I want to thank God for allowing me to overcome being shot in the head. Pray for my walk with God.....
Pray that God strengthen me where I am weak in His Word......
Please remember me as I go out into the free world Friday, that my fiancee and my children and I can be a real family, get into a good church and live for the Lord.....
Please pray for me as I am dealing with anger against a fellow Christian.....
Please pray for my sons and their children to grow in the Word and the power of it......
These are my brothers; they are your brothers. They're incarcerated, that's the only difference between them and me. We're a bunch of sinners living in the free world; they're a bunch of sinners living in confinement. I hope God breaks your heart over these men as He has mine.
We know that we have passed from death unto life, because we love the brethren. He that loveth not his brother abideth in death.
Thursday, November 1, 2007
But our contacts continued to decrease. I would ask about him every week and the inmate leader of our group would report that Brother G was around but not fellowshipping with them. At one point, I heard that he was being sought out by members of his former gang and that he was perhaps associating with them again. Another time, or more than once, I heard that he was fellowshipping with some of the Muslim inmates. Following that story, I heard that he had denounced the Bible as "only partly true" and one man reported that Brother G had told him: "God told me to not believe all the Bible, just certain parts"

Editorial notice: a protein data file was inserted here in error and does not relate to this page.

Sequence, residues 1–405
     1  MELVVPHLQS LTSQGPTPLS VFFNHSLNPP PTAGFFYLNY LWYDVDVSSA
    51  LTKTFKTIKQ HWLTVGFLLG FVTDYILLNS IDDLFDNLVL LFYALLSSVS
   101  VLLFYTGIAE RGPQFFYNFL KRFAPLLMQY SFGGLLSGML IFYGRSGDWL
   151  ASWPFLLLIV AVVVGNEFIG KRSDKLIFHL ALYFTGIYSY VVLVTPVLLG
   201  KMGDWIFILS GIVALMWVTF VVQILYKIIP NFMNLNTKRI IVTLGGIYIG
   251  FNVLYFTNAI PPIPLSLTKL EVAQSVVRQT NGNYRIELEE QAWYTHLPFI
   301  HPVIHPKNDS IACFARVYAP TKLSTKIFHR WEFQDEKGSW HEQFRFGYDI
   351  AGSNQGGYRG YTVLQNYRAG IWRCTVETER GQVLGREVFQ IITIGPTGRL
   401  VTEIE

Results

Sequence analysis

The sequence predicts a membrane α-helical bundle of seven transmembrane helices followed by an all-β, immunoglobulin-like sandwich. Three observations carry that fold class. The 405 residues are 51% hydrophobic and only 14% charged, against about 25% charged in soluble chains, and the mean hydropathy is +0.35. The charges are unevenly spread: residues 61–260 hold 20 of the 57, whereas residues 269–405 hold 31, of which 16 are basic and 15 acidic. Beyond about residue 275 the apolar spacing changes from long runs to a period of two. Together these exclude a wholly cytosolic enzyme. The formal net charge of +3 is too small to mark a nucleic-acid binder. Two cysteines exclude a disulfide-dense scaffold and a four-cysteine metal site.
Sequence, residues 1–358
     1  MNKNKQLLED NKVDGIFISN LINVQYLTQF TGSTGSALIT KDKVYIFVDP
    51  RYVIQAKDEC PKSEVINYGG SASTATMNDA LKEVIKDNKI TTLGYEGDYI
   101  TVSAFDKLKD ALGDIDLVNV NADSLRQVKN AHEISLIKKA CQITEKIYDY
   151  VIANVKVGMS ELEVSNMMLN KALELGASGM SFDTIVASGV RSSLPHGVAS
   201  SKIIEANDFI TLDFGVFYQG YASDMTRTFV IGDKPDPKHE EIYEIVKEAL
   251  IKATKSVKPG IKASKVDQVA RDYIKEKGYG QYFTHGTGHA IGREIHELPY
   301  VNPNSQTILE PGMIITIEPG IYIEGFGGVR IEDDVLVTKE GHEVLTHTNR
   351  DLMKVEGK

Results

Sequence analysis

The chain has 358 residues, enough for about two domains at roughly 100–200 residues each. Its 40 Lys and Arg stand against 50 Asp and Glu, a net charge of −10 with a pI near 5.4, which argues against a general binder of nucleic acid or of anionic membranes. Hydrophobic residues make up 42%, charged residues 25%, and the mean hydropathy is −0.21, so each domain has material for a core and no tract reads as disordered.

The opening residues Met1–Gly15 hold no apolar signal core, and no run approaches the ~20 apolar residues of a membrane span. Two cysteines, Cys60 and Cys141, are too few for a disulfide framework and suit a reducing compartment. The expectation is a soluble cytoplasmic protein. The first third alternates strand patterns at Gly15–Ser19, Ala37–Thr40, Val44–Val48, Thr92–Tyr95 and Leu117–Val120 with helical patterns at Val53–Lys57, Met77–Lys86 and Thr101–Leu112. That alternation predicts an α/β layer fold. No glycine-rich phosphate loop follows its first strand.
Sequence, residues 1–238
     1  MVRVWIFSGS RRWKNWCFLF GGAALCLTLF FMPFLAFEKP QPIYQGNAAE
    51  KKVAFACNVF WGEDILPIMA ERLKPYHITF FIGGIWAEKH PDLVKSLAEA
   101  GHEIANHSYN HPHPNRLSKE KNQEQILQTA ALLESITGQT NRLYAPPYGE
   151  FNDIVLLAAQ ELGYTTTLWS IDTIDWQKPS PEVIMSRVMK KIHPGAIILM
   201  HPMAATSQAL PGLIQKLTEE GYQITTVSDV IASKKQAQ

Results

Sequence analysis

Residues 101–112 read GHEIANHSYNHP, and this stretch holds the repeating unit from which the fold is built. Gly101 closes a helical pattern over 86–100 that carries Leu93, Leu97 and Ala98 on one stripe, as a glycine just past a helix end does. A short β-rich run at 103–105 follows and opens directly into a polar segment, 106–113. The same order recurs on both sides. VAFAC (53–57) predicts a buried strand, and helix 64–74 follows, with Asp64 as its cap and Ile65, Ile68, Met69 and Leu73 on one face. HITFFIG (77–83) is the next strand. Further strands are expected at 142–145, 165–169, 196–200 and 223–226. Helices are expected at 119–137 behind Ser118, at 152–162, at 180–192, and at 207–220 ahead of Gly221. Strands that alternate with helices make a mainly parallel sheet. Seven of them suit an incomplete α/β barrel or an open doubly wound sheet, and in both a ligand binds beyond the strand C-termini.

Now prisons are great breeding grounds for rumors, just as in the military you never believe more than 10% of what you hear. After the rumors of his apostasy reached me, I searched him out again and tried to pin him down. In response to my direct questions about his faith, his behavior and his attitudes, he assured me he was "good" and continuing his own study of the Word, sticking to himself as had been his pattern for several months.
Then, a couple weeks ago, we learned that he had been moved to another part of the prison. The unit he was in, where we have weekly services, is a minimum security section where only the "best behaved" inmates live. They must maintain certain stardards of behavior or they will be moved to higher security areas where they will enjoy less freedom and fewer privileges. Brother G had been moved back to the main compound, a medium security unit. It took me another week to find out why that had happened. One of the officers with whom we have dealt for over two years and who has been very helpful in many ways told me that Brother G was a "check in" (Prison life has its own language......I didn't know that phrase when I first heard it) That means he had deliberately done something to get himself moved out of the unit. Men get in trouble with the gangs, get in debt, get into some conflict where they are (or think they are) in danger, so they do enough trouble-making to get enough write-ups so that they get moved. These cases are obvious to the officials: an inmate (like Bro G) who never is any problem suddenly starts trouble, seeking write-ups. It doesn't take much, not what we would think of as "serious trouble"....carrying food out of the chow hall, sassing an officer, violation of any of the myriad rules.......and pretty quickly, you're gone.